Philippines Islamist group releases former Italian priest hostage

A retired Italian priest held hostage for six months by Islamist militants has left a Philippines hospital a day after his release, looking frail although officials say he is in good health.

Key points:

  • Rolando Del Torchio was found in a ferry docked on Jolo island on Friday
  • Not immediately clear if a ransom was paid for his release
  • Friday deadline for ransom on other hostages passes without word on their fate

A thin Rolando Del Torchio waved to journalists as he walked to a waiting ambulance after spending the night in a military hospital in the southern port of Zamboanga.

"The victim is emaciated. He has lost a lot of weight compared to what we saw in his old pictures," regional military spokesman Major Filemon Tan said.

"He is OK otherwise."

The Italian was held captive by the Abu Sayyaf group after armed men snatched the then 56-year-old at gunpoint at his pizza restaurant in the southern city of Dipolog in October last year.

"The ASG was behind this kidnapping," Major Tan said, referring to the group by its initials.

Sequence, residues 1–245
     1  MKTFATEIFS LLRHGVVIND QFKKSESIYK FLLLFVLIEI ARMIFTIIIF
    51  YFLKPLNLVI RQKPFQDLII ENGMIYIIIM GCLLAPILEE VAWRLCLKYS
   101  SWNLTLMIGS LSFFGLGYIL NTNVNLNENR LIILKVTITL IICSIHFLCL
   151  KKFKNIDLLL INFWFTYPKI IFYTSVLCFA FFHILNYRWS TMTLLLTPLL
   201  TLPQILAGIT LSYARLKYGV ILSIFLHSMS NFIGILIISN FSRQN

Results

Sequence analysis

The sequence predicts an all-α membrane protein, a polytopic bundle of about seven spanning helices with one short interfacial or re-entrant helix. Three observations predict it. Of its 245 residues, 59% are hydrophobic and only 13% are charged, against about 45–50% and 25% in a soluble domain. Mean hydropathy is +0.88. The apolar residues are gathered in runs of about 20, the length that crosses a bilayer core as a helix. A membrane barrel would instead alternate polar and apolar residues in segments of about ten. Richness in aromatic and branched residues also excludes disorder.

It was not clear where Father Del Torchio was headed, but the military spokesman said the Italian embassy had arranged for a chartered plane to fly him out of Zamboanga.

Philippine authorities found Father Del Torchio late on Friday aboard a ferry docked on the remote southern island of Jolo, the main Abu Sayyaf stronghold, located around 950 kilometres south of Manila.

Abu Sayyaf still holding foreign hostages

The Abu Sayyaf is a small group of Islamic militants infamous for kidnapping foreigners and demanding huge ransoms, as well as for being behind deadly bombings in the mainly Catholic Asian nation.

Its leaders have in recent years pledged allegiance to the Islamic State (IS) group that controls vast swathes of Iraq and Syria.

Major Tan said he did not know if any ransom was paid to secure Father Del Torchio's release.

Father Del Torchio had worked as a missionary for the international organisation PIME in the south from 1998 before retiring in 2000 to set up his restaurant, his colleagues said.

The gunmen are holding nearly 20 other foreign hostages, all but one of them abducted since 2014.

The Abu Sayyaf last month posted a video of two Canadians, a Norwegian and a Filipina they kidnapped in September last year and set an April 8 deadline for ransom to be paid or the foreigners would be killed.

The deadline passed on Friday with no word on their fates. The group beheaded a Malaysian tourist last year.

The latest groups of victims were 10 Indonesian and four Malaysian crew members snatched over the past two weeks from a tugboat and a cargo ship near the southern Philippines.

AFP

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